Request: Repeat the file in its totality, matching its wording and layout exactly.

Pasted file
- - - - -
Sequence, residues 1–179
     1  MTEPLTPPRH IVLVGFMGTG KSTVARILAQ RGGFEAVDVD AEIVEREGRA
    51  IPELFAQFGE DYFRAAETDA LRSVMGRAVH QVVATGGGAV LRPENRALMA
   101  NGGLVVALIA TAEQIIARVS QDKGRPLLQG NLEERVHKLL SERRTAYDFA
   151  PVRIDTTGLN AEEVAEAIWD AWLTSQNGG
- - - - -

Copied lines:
Sequence, residues 1–179
     1  MTEPLTPPRH IVLVGFMGTG KSTVARILAQ RGGFEAVDVD AEIVEREGRA
    51  IPELFAQFGE DYFRAAETDA LRSVMGRAVH QVVATGGGAV LRPENRALMA
   101  NGGLVVALIA TAEQIIARVS QDKGRPLLQG NLEERVHKLL SERRTAYDFA
   151  PVRIDTTGLN AEEVAEAIWD AWLTSQNGG